The TLM and Old Ethnic Parishes

Traditionalists sometimes complain about being put in “inner-city parishes.” Recently, I’ve seen complaints about how this practice inconveniences and intimidates traditionalists.* Are bishops intentionally dissing us this way?

Let’s propose a more charitable interpretation. In the 19th and 20th centuries, there were a lot of ethnic parishes in a America. The Irish wanted their own parish, and the Italians wanted theirs; so too the Germans, Poles, etc. In Wisconsin, you would get more exotic samplings, like Bohemians (=Czechs), Walloons (=Romance-language-speaking Belgians), and Dutch.

Anyway, as whites fled to the suburbs and hyphenated-American immigrant identities collapsed in the 20th century, the Church began consolidating these parishes. This was only a matter of time. Meanwhile, large parishes began to bloom in the suburbs. Chicago is closing its parishes because the Diocese of Rockford is expanding its presence among the ex-Chicagoans of the Fox River Valley. Etc.

This means that the surburban parishes often have a full schedule of Masses, while an older inner-city ethnic parish (unless it’s in an Hispanic neighborhood) is on the brink of closure. It’s easier to fit a traditionalist Mass into the schedule for these old ethnic parish. Also, the money helps keep the parish open. Often the artwork is traditional, too. So it’s a natural fit.

Here are some instances of the TLM being offered at older ethnic parishes:

  • Boston: Holy Trinity (since closed). German. Not too many Germans in Boston.
  • Syracuse: St. Stephen of Hungary (since closed). Slovakian. Why did Slovaks have the King of Hungary as their patron, you ask? Because Hungary used to rule Slovakia as part of the Lands of the Crown of Saint Stephen (
  • Milwaukee (actually West Allis): Mary Help of Christians (since closed). Slovenian. Under the title Help of Christians, Our Lady is the patroness of Slovenia (
  • Scranton: St. Michael’s. Lithuanian. This is an FSSP parish.

I’ve attended the TLM at Mary Help of Christians, St. Stephen’s, and St. Michael’s.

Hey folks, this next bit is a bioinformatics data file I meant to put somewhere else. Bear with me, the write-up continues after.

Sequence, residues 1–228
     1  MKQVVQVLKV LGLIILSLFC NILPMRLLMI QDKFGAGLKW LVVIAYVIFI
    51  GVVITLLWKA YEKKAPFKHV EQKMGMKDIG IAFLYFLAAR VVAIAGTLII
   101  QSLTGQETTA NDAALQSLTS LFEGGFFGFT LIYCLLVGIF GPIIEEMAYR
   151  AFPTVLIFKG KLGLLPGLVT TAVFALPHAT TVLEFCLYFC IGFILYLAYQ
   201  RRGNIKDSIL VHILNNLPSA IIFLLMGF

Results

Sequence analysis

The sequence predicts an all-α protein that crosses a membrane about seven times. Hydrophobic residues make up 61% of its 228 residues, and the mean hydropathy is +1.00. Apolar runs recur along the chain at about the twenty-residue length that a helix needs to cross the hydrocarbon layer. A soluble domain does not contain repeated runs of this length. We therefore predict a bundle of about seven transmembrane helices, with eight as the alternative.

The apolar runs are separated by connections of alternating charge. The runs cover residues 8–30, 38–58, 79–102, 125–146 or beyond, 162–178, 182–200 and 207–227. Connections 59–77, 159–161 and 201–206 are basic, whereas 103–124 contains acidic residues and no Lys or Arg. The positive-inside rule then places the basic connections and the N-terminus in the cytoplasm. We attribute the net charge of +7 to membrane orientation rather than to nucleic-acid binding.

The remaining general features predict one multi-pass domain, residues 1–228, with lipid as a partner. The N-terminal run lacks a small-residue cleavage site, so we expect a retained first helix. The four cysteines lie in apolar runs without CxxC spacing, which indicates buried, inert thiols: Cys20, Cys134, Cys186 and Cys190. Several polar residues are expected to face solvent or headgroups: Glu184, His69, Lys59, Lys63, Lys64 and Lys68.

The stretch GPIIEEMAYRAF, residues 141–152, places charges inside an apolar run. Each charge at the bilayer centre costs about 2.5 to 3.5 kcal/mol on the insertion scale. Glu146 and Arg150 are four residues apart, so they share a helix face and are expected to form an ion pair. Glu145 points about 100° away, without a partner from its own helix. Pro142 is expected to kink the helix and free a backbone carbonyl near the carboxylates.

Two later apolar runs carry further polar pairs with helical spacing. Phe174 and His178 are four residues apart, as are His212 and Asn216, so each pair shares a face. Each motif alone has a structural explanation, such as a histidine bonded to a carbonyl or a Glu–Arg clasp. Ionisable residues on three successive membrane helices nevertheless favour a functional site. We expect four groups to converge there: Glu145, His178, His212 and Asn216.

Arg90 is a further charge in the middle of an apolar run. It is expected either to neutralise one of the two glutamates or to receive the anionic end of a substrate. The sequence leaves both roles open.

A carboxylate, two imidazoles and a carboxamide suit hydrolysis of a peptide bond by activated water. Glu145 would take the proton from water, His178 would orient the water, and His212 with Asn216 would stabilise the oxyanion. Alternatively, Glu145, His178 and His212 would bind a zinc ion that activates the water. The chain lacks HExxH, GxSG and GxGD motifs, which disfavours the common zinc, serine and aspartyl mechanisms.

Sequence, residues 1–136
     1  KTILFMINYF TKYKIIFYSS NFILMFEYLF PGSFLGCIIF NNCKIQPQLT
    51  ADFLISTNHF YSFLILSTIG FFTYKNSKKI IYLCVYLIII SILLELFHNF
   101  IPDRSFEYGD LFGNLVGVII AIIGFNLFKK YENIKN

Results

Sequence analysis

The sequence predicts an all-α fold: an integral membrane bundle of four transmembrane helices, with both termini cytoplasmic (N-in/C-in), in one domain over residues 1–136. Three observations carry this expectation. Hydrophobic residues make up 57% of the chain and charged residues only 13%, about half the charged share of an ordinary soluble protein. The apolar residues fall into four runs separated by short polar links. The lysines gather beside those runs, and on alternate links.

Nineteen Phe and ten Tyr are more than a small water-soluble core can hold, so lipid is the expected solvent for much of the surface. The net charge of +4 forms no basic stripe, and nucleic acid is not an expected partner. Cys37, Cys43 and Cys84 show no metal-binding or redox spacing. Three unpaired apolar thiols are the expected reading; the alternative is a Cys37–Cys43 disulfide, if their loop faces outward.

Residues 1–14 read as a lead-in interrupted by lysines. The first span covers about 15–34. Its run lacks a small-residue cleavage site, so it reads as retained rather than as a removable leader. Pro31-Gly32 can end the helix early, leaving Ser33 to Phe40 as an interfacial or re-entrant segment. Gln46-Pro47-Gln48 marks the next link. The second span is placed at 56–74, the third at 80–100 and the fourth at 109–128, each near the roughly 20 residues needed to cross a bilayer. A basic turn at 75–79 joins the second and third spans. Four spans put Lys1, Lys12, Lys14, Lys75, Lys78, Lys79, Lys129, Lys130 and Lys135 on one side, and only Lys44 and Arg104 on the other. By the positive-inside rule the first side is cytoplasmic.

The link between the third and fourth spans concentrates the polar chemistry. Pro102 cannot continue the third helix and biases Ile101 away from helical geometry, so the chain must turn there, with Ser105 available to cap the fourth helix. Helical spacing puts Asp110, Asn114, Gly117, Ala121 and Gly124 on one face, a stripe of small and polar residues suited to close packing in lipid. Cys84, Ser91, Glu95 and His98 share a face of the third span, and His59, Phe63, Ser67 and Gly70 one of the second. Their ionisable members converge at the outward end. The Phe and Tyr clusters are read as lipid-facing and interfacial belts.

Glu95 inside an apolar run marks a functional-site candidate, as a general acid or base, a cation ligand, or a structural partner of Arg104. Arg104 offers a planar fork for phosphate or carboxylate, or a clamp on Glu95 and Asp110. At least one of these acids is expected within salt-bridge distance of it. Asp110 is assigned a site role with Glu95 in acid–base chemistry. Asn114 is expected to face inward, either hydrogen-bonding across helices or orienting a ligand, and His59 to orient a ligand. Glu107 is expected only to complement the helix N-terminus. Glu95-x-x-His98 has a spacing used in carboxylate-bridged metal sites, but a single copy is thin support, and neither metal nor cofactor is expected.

And the Poles. The Poles were a larger presence than any of the ethnic groups above were any of those cities. Poles have also clung to their heritage more than a lot of immigrant groups. As a result, parish closures seem to come later to them. Here are current Polish parishes that have a scheduled TLM:

  • Syracuse: Basilica of the Sacred Heart. Most of the priests who offered the TLM at St. Stephen’s were either Polish immigrants or Polish-American. One—Mons. Gleba (RIP)—was the Rector of the Basilica. So it was a natural selection after St. Stephen’s closed. Here is Mons. Gleba’s obituary:
  • Milwaukee: St. Stanislaus. Now an oratory staffed by the Institute of Christ the King Sovereign Priest. This was an upgrade from Mary Help of Christians. Thank you, Cardinal Dolan!

In addition to Poles, St. Stan’s was the home parish for Milwaukee’s Kaszube immigrants. The Kaszubes are a little-known Slavic ethnos from the Baltic coastline of Poland. They lived as fishermen on Jones Island ( To get to St. Stan’s, they would take their boats up the Kinnickinnic River during the summer and skate or walk on the ice during the winter.

Anyway, traditionalists, if you get to keep alive some part of America’s Old World heritage, that’s a good thing. You’re holding up Christendom’s colonies in the New World. It sure beats empty whining about parish closures and tacky Modernist church architecture in the suburbs.

*I read a traditionalist complaining about poor parking in the city. Inconvenient parking is a very small offering to get someone out of Purgatory. Last Sunday, I heard a Salvatorian mission priest describe how in Tanzania priests need to take their mopeds through the jungle (elephant and lion territory) to reach the outstations. These outstations have Mass maybe only once per year. Also, Our Lord died on a Cross, and St. Lawrence was grilled to death. Perspective.

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